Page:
A fall from grace for both Slovan and Inter, meant that Artmedia could claim the spot as the top team in the city, and actually for a while the top team in Slovakia, winning the Corgon Liga in 2005 and 2008. In 2006 they famously beat Celtic 5-0 in the Champions League to qualify for the group stages. Unfortunately nobody had remembered to buy any floodlights at the Petrzalka so games had to be played at the Tehelne Pole.

Then the local government decided that they needed a new national stadium, to be built where the Tehelne Pole was sitting, so that was closed two years ago, forcing Slovan to move next door to the Pasienky. Did that sit well with Inter? Not really because they then went bankrupt and merged with FK Senica. Confused? Well, you will be when I also add that Artmedia are no longer called Artmedia but FC Petrrzalka. That’s handy, I hear you say, playing in a stadium the same as their new name. Er no. They moved to Stadion Rapid in 2009 on the north bank of the Danube. Of course they did.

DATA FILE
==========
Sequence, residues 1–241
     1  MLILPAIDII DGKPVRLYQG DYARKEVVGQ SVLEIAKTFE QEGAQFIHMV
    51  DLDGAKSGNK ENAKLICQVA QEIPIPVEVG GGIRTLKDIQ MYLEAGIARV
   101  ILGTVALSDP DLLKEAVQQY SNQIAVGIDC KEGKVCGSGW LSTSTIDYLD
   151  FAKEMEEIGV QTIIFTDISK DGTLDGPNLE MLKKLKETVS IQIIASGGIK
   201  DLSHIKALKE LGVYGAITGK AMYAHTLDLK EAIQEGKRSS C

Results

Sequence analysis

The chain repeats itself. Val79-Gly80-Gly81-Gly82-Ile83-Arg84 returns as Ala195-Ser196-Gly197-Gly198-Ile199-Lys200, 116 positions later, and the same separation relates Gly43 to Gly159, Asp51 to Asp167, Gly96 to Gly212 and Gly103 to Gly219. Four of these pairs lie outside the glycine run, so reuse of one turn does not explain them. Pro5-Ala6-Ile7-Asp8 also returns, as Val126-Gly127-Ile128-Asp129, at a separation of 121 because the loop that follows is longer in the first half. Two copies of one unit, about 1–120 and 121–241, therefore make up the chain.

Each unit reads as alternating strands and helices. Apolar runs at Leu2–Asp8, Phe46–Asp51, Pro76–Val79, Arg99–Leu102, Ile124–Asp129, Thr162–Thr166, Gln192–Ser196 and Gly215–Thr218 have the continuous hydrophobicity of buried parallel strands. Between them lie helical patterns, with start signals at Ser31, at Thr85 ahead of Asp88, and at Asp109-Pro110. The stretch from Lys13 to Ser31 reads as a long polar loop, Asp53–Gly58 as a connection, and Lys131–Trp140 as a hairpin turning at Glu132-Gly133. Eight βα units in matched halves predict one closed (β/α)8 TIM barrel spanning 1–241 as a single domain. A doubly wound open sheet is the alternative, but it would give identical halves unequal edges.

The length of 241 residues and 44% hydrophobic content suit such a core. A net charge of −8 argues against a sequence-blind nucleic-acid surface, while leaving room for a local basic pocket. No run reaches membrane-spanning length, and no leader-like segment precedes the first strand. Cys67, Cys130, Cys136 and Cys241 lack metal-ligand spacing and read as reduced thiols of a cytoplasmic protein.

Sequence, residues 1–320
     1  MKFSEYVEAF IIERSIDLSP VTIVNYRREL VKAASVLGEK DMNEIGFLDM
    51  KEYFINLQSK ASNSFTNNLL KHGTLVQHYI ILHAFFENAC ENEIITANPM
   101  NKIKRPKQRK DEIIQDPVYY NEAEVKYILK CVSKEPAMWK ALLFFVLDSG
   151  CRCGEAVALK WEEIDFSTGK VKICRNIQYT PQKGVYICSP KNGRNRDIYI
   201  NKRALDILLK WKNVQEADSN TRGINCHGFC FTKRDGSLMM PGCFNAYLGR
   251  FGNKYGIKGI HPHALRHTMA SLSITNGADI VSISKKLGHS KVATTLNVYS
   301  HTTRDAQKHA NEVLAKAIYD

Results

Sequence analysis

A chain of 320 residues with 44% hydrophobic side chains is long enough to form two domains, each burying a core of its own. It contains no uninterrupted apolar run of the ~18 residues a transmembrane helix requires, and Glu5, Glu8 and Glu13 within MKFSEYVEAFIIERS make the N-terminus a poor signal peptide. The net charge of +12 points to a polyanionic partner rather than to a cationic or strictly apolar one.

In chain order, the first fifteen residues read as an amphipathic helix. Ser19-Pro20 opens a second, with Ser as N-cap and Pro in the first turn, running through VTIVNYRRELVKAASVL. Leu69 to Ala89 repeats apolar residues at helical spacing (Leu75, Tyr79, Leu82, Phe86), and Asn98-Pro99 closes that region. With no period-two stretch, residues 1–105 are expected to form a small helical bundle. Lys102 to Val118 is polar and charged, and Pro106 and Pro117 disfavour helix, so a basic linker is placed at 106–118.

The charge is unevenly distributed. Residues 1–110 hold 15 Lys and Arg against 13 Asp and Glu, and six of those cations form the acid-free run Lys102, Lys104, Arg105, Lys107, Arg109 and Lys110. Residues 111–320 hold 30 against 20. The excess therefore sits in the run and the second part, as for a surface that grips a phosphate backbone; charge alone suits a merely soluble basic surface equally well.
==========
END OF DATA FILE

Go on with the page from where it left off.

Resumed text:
So when UEFA got those warm balls out and drew Slovan Bratislava against relative big guns Bilbao and Paris Saint Germain the debate opened up where the games would be played. Fortunately for us it was at the Pasienky, which turned out to be the second set of floodlights we could see from the hotel balcony.

It would have been rude not to see what state the Tehelne Pole these days, so we wandered over. The gates were wide open but the state of the ground almost made you weep. Here was a ground steeped in history, one of the biggest in Czechoslovakia and the preferred home of the national team which had been pillaged. What could have been broken up had been, and the sad netting still hanging down from the goal posts, the huge weeds growing from the terraces and the remnants of the light blue seats just made you shake your head. I felt a bit wary walking around too much, remembering the “Charlie says” videos of my youth, and seeing the electric cables and holes in the floor around the ground. Game a day John found a ball and took it on the pitch. He became the last person to take a penalty in the stadium (for now), and mirroring his hero, Chris Waddle, he ballooned it over the bar.